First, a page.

The London Games Festival has begun, and on the first day of the event a horde of video game fanatics are getting prepared to watch a spectacular concert dedicated to our favourite pastime. Video Games Live is a show unlike anything you’ve seen before – imagine your favourite games taking the stage as a huge symphony plays tunes reminding you of your childhood. All with the added bonus of meeting the very people who made those melodies that have been stuck in our head since we held a controller.
Masterminding the live concert is Tommy Tallarico, composer and luminary. You can thank Tommy for the music in Earthworm Jim
, Advent Rising
, and even Metroid Prime’s
‘sound design’. He’s one of the reasons the video game music industry has evolved the way it has, and his establishment of Video Games Live with partner Jack Wall is reasoned as a pure celebration of everything to do with gaming.
SPOnG managed to get a lengthy chat with Tommy before this year’s performance in London, the second year Brits have been able to enjoy the concert. Read on for why Beethoven would be a video game composer today, how a Turbografx T-shirt won him a position in the industry, and how the British audience are a loud bunch of buggers – not as much as Brazilians though!
Thanks for joining us today Tommy, how are you?
I’m good thanks, how are you?
Not too bad! It’s great to be able to talk to you actually because I went to last year’s Video Games Live concert in London and I really enjoyed it – I felt a bit sorry for you, didn’t you have a sore throat then and ended up losing your voice?
Ah yeah – man, that sucked! (Laughs) My voice was totally gone, oh, my God.
Never a good thing to happen when presenting something like that is it? Well, for our readers of SPOnG out there, could we first of all get a little bit of background information on you? Were video games and music always a big part of your life?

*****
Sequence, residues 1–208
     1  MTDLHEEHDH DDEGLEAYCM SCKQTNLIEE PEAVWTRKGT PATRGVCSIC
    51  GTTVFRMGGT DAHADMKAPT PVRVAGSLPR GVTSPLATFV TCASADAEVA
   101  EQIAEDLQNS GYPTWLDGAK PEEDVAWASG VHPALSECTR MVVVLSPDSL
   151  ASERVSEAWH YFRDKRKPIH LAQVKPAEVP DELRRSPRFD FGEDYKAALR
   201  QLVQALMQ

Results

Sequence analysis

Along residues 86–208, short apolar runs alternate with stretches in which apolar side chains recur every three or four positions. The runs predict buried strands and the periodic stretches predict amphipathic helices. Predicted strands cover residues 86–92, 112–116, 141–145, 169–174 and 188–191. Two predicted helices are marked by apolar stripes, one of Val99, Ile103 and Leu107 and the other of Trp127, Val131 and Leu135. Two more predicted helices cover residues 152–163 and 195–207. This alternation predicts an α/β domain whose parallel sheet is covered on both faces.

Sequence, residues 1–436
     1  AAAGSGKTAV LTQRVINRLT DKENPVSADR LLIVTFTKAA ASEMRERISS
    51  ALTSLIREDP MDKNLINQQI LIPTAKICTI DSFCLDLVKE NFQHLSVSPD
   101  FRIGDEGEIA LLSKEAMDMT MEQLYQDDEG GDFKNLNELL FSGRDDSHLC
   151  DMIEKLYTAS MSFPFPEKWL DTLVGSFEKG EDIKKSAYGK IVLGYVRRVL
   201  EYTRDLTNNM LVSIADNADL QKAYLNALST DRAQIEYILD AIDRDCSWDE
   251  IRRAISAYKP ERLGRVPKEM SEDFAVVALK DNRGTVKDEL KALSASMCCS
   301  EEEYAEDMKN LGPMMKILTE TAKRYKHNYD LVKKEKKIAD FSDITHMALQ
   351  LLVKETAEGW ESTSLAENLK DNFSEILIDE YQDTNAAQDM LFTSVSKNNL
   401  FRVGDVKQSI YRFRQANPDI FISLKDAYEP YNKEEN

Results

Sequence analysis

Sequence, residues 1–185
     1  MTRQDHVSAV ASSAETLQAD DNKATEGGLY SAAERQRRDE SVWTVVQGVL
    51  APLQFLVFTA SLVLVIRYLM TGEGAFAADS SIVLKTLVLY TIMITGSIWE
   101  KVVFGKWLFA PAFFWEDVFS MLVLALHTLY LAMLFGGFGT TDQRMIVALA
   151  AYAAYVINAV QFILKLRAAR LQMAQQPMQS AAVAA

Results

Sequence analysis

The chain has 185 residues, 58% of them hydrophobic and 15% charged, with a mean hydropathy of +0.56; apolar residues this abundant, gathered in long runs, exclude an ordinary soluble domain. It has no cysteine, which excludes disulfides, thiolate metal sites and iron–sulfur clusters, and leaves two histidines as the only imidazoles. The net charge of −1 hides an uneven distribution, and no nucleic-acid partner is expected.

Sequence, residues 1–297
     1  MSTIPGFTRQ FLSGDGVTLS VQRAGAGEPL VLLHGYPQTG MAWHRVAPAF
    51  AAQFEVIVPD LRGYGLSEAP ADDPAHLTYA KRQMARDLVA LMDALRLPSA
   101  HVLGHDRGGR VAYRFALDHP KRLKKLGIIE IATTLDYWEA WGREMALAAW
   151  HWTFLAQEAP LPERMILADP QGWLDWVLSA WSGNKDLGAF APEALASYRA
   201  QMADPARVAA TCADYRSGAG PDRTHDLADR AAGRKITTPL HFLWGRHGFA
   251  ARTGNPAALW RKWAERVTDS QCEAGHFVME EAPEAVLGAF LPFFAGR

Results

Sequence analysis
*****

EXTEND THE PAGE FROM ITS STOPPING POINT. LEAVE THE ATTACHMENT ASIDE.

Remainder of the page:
Yeah, my whole life all I ever wanted to do was become a composer, and to work in music. My two greatest loves growing up were video games and music, but I never thought I could ever put the two together.
Music had always been around my family – I actually have a pretty famous cousin, Steven Tyler from Aerosmith. His real name is Steven Tallarico, so I always kind of grew up idolising him and the work that he did. So, I never thought it would be out of my reach to do something similar.
My parents were products of the 1950s so I started playing piano when I was three years old, to Great Balls of Fire
(Otis Blackwell and Jack Hammer), Elvis Presley and stuff like that – but I always played by ear. It wasn’t until the late 70s, when I started to hear these amazing film scores from things like Star Wars
, Raiders of the Lost Ark
that I felt like I wanted to be a composer.
That’s when I started getting into classical music – my favourite being Beethoven – and that’s really how I learned to write scores for symphonies and orchestras, by listening to John Williams and Beethoven (Laughs). Those were pretty much my influences.